Romeo and Juliet: Act 3 Scene 5

Hang thee, young baggage, disobedient wretch!I tell thee what: get thee to church a' Thursday,Or never after look me in the face.Speak not, reply not, do not answer me!My fingers itch. Wife, we scarce thought us blestThat God had lent us but this only child,But now I see this one is one too much,And that we have a curse in having her.Out on her, hilding!

Try to say the speech as if his anger is:

  • quiet and still

  • loud and aggressive


Goal: . To explore Shakespeare’s use of pronouns. To create your own language

Starter:

What is a pronoun?


A pronoun is

  • A pronoun replaces a noun and makes a sentence less cumbersome and repetitive.

    • For example:

      • He, she, them, you, they.


Log onto your computer.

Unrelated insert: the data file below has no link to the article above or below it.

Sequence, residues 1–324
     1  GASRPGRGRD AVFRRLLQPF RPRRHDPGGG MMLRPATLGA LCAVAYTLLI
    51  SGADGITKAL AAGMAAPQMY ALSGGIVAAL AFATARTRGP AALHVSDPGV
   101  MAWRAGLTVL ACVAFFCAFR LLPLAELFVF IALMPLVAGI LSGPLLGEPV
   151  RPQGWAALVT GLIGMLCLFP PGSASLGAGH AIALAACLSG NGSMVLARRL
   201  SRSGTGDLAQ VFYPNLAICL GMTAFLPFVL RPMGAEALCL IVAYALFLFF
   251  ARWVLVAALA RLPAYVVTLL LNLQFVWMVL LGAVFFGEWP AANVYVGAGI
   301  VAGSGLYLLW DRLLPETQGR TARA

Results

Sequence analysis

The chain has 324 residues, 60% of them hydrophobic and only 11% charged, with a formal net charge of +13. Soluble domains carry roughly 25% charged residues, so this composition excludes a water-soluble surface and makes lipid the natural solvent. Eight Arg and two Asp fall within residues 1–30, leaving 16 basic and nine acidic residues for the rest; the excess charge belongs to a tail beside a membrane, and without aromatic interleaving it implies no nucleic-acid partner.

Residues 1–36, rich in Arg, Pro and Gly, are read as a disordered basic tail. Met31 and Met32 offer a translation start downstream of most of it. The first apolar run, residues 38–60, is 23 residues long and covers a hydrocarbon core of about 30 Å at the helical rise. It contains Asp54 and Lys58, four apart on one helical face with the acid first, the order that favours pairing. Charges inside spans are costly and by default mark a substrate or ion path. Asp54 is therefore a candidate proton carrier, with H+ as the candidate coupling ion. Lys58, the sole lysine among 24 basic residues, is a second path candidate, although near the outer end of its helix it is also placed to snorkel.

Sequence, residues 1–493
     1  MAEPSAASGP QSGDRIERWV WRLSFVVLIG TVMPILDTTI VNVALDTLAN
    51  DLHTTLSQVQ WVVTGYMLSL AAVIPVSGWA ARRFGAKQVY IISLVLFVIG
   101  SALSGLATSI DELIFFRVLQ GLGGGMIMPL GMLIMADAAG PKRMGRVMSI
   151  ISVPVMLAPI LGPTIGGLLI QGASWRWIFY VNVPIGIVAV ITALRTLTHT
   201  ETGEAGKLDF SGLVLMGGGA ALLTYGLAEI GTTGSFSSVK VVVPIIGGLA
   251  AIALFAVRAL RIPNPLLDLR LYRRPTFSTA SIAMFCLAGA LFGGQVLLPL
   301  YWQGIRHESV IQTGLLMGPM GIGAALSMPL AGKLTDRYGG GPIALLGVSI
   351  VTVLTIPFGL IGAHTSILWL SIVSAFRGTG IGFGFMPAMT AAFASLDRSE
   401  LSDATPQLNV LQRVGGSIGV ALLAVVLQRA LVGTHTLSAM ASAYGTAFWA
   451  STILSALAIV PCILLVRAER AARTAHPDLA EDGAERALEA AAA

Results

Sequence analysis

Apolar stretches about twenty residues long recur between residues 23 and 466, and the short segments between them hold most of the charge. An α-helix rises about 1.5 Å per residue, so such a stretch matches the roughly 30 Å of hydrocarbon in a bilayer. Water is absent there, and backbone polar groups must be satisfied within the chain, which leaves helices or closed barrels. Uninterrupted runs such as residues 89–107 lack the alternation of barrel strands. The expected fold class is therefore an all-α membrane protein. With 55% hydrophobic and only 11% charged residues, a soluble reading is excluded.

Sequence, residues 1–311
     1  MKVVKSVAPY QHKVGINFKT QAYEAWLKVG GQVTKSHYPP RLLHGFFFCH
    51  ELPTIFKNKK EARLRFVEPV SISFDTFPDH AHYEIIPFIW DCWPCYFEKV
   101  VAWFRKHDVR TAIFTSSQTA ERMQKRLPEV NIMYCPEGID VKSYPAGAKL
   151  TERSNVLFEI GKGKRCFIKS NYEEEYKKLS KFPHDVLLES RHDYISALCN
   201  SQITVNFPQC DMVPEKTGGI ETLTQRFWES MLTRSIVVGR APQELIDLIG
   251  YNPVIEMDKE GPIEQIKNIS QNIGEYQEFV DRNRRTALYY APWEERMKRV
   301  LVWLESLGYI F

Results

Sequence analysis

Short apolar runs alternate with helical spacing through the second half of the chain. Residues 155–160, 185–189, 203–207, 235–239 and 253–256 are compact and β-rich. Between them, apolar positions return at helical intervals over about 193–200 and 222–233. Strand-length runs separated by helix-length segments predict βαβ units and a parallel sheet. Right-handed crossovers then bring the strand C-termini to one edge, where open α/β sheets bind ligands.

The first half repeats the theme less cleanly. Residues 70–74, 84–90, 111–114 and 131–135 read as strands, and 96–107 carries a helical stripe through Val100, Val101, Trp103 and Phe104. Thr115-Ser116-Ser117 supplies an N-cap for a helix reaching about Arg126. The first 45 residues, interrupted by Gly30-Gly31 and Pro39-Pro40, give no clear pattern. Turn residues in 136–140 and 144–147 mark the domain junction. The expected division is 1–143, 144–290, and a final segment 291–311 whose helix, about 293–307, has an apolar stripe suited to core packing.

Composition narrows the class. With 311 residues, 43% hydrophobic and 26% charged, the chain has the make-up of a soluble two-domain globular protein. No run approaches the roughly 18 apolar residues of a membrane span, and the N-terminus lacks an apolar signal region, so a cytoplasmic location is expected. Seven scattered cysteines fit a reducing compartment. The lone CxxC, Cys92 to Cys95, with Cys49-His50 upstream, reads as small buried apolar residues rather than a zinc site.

• Access VLE 7R/En

  • Resources

  • Pronouns (link)

  • Read the fact sheets.

  • Complete the test.

  • Play the game

    http://www.bbc.co.uk/skillswise/words/grammar/interestsentences/pronouns/quiz.shtml


Thou, thine, thee

  • Don’t get too hung up over Shakespeare’s use of thee, thy, thine and thou.

  • Although these words were used in Shakespeare’s times these words have now been replaced with words:

    • Thou, thine – you, yours

    • Thee - you (to a friend)


Here are some more words that you will come across.

canst - can hath - has

doth - does ist - is it

durst - dare to wilt - will

betwixt - between quoth- says

twain- two yon, yonder- there, over there


Read through list of words that you will come across.

  • Select four words from your list and write them into a modern sentence.


Inventing words

  • Shakespeare invented words to suit his writing, the tone and context of his plays.

  • For example, he invented a mock Russian in ‘All’s Well that Ends Well’

    Lord Dumaine: Throcamovousus, cargo, cargo, cargo

    Soldiers :Cargo, cargo, cargo, villianda par corbo, cargo